Religious Freedom & Persecution

Egypt Salafists briefly take hold of Coptic Christian land

Bikya Masr

As tensions between Egypt’s Christian minority and the Muslim majority continue to increase, a Coptic Christian bishop told the state newspaper al-Ahram that a group of ultra-conservative Salafists had taken over land owned by Christians and made it a makeshift mosque for nearly 24 hours. According to Bishop Morqos, a group of the Salafists – puritan Muslims – they occupied a small piece of land owned by the Coptic church on Monday and put up a banner that read “Al-Rahma Mosque” before the bishop and others forced them off the area after security officials were informed of the situation.

Nigerian Christians ask for prayer to end violence

Christian Today

Nigerian Anglicans are asking Christians around the world to pray and fast for an end to violence in the country. Northern Nigeria has been hit by a wave of deadly attacks on churches, mostly blamed on Islamist militant group Boko Haram. At least seven people were killed and dozens injured in a suicide bombing during mass at a Catholic church in Kaduna last week.

Merkel's Christian comments cause upset


German opposition politicians and human rights groups are criticising German Chancellor Angela Merkel for claiming Christianity is "the most persecuted religion worldwide." Jerzy Montag of the opposition Greens party on Tuesday described Merkel's comments as "mistaken" and "not very helpful". Rights campaigners said ranking faiths according to how persecuted they are is pointless.

Sexualisation of Society

Sex and cheating are absolutely unwelcome

Jeff Kennett - Herald Sun

If I were Premier or Lord Major today . . . don't worry, such a fate is not about to befall the citizens of Victoria. But if I were, there are two things I'd try to fix immediately. Issue one: Inappropriate billboards as you start to motor on to the Bolte Bridge and into our great city of Melbourne. When we commissioned City Link, we demanded that the winning consortium provide a "gateway" to our city through which all traffic must pass. Hence the Cheesesticks, or whatever you want to call them.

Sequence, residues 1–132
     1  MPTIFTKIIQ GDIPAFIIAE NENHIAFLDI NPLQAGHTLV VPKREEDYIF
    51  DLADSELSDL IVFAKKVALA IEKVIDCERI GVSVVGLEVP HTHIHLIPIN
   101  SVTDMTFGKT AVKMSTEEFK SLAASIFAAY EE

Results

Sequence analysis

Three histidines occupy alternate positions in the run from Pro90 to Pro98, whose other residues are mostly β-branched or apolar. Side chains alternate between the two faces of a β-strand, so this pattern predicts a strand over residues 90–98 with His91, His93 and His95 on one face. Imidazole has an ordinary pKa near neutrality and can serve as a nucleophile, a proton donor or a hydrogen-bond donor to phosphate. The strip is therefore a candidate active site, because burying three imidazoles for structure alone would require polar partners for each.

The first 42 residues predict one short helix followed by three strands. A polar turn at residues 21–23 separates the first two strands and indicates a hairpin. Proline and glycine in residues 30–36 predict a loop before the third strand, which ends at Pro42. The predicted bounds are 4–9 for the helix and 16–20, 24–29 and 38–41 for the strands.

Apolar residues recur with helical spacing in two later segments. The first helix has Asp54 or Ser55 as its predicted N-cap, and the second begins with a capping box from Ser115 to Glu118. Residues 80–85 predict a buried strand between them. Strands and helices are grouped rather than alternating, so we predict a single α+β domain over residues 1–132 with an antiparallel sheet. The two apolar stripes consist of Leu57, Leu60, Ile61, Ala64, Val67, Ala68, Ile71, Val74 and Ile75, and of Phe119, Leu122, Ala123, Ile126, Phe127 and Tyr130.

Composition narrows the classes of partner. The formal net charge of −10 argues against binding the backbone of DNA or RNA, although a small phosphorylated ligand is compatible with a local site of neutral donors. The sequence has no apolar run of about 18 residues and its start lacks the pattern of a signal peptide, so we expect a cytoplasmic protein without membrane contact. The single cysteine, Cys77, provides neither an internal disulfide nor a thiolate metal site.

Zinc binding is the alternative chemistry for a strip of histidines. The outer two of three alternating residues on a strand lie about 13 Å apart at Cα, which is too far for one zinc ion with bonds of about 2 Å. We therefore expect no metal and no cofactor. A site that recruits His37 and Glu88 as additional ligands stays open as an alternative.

Technology is making you stupid

Everett Themer - On Line Opinion

You are dumber than your parents. That being said, it isn’t really your fault. It wasn’t caused by your lack of ambition or the years your dad spent pointing out your short comings. The fact is that your parents are most likely dumber than your grandparents. They just won’t admit it. If you are fortunate enough to have grandparents who are still living, ask them about your parents. Grandma or grandpa will almost certainly have a few interesting things to say. Yes, you probably did a whole lot of stupid things as a kid, but don’t let your parents fool you. They did too.

Media, unions and political parties seen as Australia’s most corrupt institutions

Sunanda Creagh - The Conversation

The media, trade unions and political parties are seen as Australia’s most corrupt institutions but fewer than 1% of people have had recent direct experience of graft, a new poll shows. The survey, titled Perceptions of corruption and ethical conduct and produced by the Australian National University’s Research School of Social Sciences, surveyed 2020 people aged 18 years and over by phone between August and September this year, with a response rate of 43%. The results were adjusted to epresent the national population.